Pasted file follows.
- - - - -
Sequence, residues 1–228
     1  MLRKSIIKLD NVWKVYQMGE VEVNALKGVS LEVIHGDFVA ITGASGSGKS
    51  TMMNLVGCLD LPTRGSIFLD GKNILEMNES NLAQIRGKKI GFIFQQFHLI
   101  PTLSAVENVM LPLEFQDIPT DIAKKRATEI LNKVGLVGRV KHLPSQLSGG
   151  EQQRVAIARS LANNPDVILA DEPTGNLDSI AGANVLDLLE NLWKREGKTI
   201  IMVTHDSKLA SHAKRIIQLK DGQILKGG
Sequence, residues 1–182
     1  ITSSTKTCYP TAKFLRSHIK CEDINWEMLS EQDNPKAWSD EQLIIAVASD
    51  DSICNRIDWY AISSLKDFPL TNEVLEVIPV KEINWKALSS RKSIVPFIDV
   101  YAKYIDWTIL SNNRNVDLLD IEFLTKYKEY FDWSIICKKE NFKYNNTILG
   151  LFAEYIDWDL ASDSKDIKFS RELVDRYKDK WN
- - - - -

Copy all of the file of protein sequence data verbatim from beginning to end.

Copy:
Sequence, residues 1–228
     1  MLRKSIIKLD NVWKVYQMGE VEVNALKGVS LEVIHGDFVA ITGASGSGKS
    51  TMMNLVGCLD LPTRGSIFLD GKNILEMNES NLAQIRGKKI GFIFQQFHLI
   101  PTLSAVENVM LPLEFQDIPT DIAKKRATEI LNKVGLVGRV KHLPSQLSGG
   151  EQQRVAIARS LANNPDVILA DEPTGNLDSI AGANVLDLLE NLWKREGKTI
   201  IMVTHDSKLA SHAKRIIQLK DGQILKGG
Sequence, residues 1–182
     1  ITSSTKTCYP TAKFLRSHIK CEDINWEMLS EQDNPKAWSD EQLIIAVASD
    51  DSICNRIDWY AISSLKDFPL TNEVLEVIPV KEINWKALSS RKSIVPFIDV
   101  YAKYIDWTIL SNNRNVDLLD IEFLTKYKEY FDWSIICKKE NFKYNNTILG
   151  LFAEYIDWDL ASDSKDIKFS RELVDRYKDK WN